I found a brilliant RegEx to extract the part of a camelCase or TitleCase expression.

 (?<!^)(?=[A-Z])

It works as expected:

  • value -> value
  • camelValue -> camel / Value
  • TitleValue -> Title / Value

For example with Java:

String s = "loremIpsum";
words = s.split("(?<!^)(?=[A-Z])");
//words equals words = new String[]{"lorem","Ipsum"}

My problem is that it does not work in some cases:

  • Case 1: VALUE -> V / A / L / U / E
  • Case 2: eclipseRCPExt -> eclipse / R / C / P / Ext

To my mind, the result shoud be:

  • Case 1: VALUE
  • Case 2: eclipse / RCP / Ext

In other words, given n uppercase chars:

  • if the n chars are followed by lower case chars, the groups should be: (n-1 chars) / (n-th char + lower chars)
  • if the n chars are at the end, the group should be: (n chars).

Any idea on how to improve this regex?

  • Seems that you probably would need a conditional modifier on the ^ and another conditional case for capital letters in the negative lookbehind. Haven't tested for sure, but I think that'd be your best bet for fixing the problem. – Nightfirecat Sep 29 '11 at 7:49
  • If anybody is examining – Clam Jun 10 '16 at 6:14
up vote 92 down vote accepted

The following regex works for all of the above examples:

public static void main(String[] args)
{
    for (String w : "camelValue".split("(?<!(^|[A-Z]))(?=[A-Z])|(?<!^)(?=[A-Z][a-z])")) {
        System.out.println(w);
    }
}   

It works by forcing the negative lookbehind to not only ignore matches at the start of the string, but to also ignore matches where a capital letter is preceded by another capital letter. This handles cases like "VALUE".

The first part of the regex on its own fails on "eclipseRCPExt" by failing to split between "RPC" and "Ext". This is the purpose of the second clause: (?<!^)(?=[A-Z][a-z]. This clause allows a split before every capital letter that is followed by a lowercase letter, except at the start of the string.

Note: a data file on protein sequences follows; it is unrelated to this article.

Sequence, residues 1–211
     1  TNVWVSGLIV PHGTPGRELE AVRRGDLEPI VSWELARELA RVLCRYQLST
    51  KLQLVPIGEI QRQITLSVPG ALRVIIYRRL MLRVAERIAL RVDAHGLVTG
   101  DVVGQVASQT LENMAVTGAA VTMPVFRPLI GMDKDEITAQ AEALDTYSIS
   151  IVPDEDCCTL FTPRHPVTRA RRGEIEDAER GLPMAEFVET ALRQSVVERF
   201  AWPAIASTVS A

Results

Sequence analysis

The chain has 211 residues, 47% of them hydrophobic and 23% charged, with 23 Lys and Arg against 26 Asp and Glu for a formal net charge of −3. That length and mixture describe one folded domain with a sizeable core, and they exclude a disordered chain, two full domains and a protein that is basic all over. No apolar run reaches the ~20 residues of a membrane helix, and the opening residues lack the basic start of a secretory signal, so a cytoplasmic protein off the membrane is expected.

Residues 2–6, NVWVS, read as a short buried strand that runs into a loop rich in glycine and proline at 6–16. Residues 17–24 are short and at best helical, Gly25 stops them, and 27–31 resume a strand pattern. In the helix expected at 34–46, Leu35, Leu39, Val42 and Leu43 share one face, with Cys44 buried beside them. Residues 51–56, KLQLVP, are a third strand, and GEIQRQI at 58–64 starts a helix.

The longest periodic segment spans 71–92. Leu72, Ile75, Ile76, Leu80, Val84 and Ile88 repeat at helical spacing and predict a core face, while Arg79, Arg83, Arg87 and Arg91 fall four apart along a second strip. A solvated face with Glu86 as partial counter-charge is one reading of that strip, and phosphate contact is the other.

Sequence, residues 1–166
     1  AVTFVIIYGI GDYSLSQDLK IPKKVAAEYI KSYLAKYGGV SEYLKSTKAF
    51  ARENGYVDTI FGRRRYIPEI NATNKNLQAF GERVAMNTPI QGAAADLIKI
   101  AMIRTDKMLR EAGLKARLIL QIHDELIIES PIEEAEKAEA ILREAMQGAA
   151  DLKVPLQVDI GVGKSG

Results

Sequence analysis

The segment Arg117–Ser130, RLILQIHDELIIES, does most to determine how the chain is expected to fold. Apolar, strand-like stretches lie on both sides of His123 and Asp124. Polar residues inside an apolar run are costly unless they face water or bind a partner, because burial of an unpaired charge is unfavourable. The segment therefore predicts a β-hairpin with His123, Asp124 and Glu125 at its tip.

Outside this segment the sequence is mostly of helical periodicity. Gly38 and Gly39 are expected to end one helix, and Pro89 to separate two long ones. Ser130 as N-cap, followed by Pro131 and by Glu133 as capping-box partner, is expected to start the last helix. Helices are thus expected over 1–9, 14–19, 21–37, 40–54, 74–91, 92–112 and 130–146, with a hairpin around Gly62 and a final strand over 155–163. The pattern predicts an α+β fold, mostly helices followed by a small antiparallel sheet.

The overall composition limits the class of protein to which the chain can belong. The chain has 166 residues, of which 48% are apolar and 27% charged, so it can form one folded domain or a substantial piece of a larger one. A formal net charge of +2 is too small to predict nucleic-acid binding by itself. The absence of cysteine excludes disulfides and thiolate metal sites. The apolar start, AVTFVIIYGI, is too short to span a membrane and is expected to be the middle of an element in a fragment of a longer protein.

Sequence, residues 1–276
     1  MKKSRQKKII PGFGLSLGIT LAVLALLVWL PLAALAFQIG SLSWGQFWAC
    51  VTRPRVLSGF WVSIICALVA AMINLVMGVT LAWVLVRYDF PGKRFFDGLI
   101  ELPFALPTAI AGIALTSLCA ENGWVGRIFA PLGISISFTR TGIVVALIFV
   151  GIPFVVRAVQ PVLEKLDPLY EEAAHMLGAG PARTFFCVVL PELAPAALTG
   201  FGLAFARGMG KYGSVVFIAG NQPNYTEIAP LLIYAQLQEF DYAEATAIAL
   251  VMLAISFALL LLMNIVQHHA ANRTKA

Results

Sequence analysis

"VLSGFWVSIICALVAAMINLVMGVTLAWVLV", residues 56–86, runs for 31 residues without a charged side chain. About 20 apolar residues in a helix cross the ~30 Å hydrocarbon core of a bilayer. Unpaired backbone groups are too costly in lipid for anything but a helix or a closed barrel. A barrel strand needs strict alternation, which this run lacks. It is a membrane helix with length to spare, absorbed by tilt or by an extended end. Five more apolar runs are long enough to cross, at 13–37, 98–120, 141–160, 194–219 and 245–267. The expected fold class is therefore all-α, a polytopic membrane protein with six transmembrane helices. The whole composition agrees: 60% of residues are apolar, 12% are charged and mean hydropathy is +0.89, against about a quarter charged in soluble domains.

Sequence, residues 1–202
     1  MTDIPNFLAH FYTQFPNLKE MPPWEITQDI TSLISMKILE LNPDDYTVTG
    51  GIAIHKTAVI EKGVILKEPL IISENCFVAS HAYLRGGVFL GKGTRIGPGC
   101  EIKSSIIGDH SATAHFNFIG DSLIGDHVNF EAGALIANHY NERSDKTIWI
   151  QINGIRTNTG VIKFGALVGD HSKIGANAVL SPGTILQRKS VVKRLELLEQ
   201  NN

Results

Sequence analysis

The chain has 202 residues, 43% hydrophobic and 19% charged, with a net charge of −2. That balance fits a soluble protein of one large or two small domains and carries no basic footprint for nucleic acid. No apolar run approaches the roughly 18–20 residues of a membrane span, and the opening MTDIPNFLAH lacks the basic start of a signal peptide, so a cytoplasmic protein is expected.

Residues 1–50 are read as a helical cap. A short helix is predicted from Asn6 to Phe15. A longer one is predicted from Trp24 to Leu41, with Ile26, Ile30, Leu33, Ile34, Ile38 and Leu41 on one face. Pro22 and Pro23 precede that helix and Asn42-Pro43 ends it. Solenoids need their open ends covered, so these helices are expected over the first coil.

• 1
    this one does not work on PHP, while @ridgerunner's does. On PHP it says "lookbehind assertion is not fixed length at offset 13". – igorsantos07 Aug 8 '14 at 23:01
  • 9
    @Igoru: Regex flavours vary. The question is about Java, not PHP, and so is the answer. – NPE Aug 9 '14 at 11:32
  • 1
    while the question is tagged as "java" the question is still generic - besides code samples (that could never be generic). So, if there's a simpler version of this regex and that also works cross-language, I thought someone should point that :) – igorsantos07 Aug 11 '14 at 6:29
  • 4
    @Igoru: The "generic regex" is an imaginary concept. – Casimir et Hippolyte Dec 10 '14 at 19:45
  • 1
    @igorsantos07: No, built-in regex implementations vary wildly between platforms. Some are trying to be Perl-like, some are trying to be POSIX-like, and some are something in between or completely different. – Christoffer Hammarström Mar 8 '17 at 14:29

It seems you are making this more complicated than it needs to be. For camelCase, the split location is simply anywhere an uppercase letter immediately follows a lowercase letter:

(?<=[a-z])(?=[A-Z])

Here is how this regex splits your example data:

  • value -> value
  • camelValue -> camel / Value
  • TitleValue -> Title / Value
  • VALUE -> VALUE
  • eclipseRCPExt -> eclipse / RCPExt

The only difference from your desired output is with the eclipseRCPExt, which I would argue is correctly split here.

Addendum - Improved version

Note: This answer recently got an upvote and I realized that there is a better way...

By adding a second alternative to the above regex, all of the OP's test cases are correctly split.

(?<=[a-z])(?=[A-Z])|(?<=[A-Z])(?=[A-Z][a-z])

Here is how the improved regex splits the example data:

  • value -> value
  • camelValue -> camel / Value
  • TitleValue -> Title / Value
  • VALUE -> VALUE
  • eclipseRCPExt -> eclipse / RCP / Ext

Edit:20130824 Added improved version to handle RCPExt -> RCP / Ext case.